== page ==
Sunday we will begin a series of sermons that I am calling “Christ and our ‘Possessions.’” Note the quotation marks around the word “possessions.” If you subscribe to the orthodox Christian position that all we are and all we have come from God then we don’t actually possess anything. Whatever material things we have are placed in our hands to be used, not as we would choose, but as God directs.

That all sounds fine until it comes down to what we actually do. We need stuff. We really do. We have families to support; we have lives that require us to possess. So much of what we decide to buy or hold onto is predetermined to be necessities. But seriously, how much of that stuff do we really need, how much of it enhances our lives, and how much of it is just there? Somewhere along the way we picked it up and now it is taking up space and has become a burden.

Throughout the next few weeks we will be looking at biblical teachings regarding our relationship to possessions and how our resources can be put to better use, but for now I have a suggestion modified from Jesus’ invitation to the rich young ruler: “Find stuff that you don’t use, need, or want. Sell it and give the proceeds to the poor.” That isn’t going as far as Jesus wanted the young man to go, but it’s a start.

Clean out your closet. If you haven’t worn something in the past year you probably don’t need it (unless it’s that tuxedo that you pull out for very special occasions, but make sure that still fits). Give your clothes to a clothes closet for poor people or to Goodwill, where they will sell them on the cheap and use the money for job training, or to a group that provides business clothes to people who are going on job interviews. It’s not going to kill you to trim your sartorial options a little bit. If you can’t remember what you wore on this day last week no one else can either. None of us need that many options.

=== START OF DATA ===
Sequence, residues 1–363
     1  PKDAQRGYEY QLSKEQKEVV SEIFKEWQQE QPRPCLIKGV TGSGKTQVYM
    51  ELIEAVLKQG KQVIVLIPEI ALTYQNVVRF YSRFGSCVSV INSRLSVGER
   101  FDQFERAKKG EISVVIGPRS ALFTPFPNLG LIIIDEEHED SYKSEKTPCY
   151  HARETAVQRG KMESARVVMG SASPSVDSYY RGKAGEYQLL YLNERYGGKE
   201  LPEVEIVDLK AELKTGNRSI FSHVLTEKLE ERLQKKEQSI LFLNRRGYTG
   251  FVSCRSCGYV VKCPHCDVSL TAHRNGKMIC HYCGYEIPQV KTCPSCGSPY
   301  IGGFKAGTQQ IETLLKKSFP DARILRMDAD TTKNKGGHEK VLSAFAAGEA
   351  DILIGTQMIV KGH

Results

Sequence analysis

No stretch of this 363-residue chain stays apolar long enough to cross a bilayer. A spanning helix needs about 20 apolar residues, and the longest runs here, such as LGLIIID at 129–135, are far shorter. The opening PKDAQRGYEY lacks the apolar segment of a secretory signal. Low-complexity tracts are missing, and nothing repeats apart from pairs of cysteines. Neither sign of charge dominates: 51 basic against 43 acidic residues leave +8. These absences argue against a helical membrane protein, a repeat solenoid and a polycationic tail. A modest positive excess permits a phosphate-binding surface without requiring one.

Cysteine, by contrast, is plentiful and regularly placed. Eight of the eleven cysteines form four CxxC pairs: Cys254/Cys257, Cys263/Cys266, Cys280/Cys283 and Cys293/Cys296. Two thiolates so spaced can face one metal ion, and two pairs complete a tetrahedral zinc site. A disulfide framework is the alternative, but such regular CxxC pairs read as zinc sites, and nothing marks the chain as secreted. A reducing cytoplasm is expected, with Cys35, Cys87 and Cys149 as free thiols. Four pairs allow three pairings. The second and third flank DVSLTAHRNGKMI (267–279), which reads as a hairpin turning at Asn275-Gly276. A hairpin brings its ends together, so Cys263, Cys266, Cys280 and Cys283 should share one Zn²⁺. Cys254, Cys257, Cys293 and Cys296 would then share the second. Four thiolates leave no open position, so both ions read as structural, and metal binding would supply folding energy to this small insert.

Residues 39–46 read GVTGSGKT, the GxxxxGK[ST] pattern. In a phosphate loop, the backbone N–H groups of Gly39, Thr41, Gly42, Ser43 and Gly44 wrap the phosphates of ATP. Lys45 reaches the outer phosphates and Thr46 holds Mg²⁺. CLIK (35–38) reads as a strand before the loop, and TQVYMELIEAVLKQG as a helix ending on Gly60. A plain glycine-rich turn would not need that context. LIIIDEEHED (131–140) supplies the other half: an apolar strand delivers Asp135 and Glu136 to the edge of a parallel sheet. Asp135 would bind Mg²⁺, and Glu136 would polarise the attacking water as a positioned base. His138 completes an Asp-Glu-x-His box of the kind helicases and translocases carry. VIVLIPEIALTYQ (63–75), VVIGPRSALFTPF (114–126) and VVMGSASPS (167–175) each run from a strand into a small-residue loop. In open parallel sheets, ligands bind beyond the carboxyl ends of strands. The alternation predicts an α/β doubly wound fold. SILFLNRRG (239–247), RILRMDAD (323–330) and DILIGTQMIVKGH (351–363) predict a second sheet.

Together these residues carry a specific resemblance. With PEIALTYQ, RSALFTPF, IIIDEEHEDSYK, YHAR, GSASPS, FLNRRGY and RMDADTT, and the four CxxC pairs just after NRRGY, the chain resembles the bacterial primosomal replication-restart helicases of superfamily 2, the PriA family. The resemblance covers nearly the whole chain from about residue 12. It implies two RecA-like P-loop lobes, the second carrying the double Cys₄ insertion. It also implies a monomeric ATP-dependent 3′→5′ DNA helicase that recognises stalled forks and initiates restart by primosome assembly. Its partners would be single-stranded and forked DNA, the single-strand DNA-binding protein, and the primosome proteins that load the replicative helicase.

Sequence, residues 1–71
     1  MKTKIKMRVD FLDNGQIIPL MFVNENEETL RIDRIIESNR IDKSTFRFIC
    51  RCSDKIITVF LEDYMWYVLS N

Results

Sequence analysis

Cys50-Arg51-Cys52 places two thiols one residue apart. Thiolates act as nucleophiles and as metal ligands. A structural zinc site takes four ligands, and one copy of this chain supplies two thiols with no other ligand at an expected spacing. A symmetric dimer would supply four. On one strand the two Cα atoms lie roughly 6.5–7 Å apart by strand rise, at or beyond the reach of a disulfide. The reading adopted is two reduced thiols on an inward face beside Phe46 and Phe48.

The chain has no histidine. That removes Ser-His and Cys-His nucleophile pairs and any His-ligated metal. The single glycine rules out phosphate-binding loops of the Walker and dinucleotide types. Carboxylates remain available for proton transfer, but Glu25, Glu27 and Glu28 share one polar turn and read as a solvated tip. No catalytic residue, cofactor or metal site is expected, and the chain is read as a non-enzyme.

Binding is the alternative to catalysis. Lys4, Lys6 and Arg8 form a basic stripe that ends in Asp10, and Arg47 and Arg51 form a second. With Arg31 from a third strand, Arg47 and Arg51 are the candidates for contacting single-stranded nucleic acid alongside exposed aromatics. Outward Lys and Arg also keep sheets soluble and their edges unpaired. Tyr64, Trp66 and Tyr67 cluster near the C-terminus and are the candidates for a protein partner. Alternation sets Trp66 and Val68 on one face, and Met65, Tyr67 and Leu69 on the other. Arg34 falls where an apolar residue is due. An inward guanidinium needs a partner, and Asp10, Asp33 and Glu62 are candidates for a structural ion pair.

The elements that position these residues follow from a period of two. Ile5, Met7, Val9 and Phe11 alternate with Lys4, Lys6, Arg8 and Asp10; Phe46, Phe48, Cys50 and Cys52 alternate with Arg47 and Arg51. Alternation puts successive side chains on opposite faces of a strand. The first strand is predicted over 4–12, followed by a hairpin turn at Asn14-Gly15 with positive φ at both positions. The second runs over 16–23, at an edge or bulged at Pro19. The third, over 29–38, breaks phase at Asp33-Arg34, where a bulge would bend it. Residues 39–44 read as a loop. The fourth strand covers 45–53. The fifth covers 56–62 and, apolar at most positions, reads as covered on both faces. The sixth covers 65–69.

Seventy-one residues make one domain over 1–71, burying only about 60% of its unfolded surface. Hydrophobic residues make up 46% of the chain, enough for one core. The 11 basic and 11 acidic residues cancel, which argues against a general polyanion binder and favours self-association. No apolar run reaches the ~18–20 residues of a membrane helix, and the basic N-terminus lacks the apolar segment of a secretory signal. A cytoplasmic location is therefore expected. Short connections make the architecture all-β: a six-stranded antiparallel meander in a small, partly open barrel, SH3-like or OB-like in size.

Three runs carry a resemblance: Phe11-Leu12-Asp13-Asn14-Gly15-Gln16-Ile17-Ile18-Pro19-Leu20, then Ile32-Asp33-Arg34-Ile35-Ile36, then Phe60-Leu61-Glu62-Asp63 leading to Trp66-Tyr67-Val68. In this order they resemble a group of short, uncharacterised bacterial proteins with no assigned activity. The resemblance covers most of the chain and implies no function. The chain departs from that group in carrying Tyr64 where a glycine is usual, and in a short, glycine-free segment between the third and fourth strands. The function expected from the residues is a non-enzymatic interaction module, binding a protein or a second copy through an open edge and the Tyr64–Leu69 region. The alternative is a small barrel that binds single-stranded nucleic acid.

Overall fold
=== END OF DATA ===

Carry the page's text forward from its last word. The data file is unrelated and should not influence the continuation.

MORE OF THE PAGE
Empty your storage shed. It’s a sign of the possessive nature of the American psyche that our basements and attics and garages are not big enough to hold all our stuff. If you need to rent a space I can almost guarantee you’ve got too much stuff. Have a yard sale and give the proceeds to a charity or, if you’ve got furniture or other hard goods that are in decent shape, give them to a charity that can sell them. Your kids really don’t want your Great Aunt Sally’s chifferobe.

Speaking of your children, give them an ultimatum. Get their stuff out of your house or it’s going to charity. Most of it will go to charity.

One more regarding your children. Do them a favor. Gather up all the things you don’t need or want and that you know they won’t need or want, and either sell it and give the money to a charity or give it directly. Don’t make the kids deal with it when you’re gone.

Here’s the hard one. Donate your used books to the library. I’m working on it. Leave me alone.

None of this is very radical, but it’s a start toward recognizing that the Lord provides many of us with more than we need, but that doesn’t mean we have to keep it that way. God expects us to share.

As I said, we’ll look at many other sides of this issue of our relationship to our possessions, but this can get you in the habit of letting go. I’ve done a little bit of it myself lately, and I can tell you, it’s a good feeling, one I hope you will share.